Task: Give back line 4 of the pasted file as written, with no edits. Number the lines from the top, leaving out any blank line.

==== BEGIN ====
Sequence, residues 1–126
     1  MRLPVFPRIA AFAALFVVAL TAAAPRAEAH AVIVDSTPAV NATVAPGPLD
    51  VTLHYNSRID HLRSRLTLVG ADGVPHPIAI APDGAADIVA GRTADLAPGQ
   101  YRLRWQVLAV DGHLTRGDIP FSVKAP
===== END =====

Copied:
   101  YRLRWQVLAV DGHLTRGDIP FSVKAP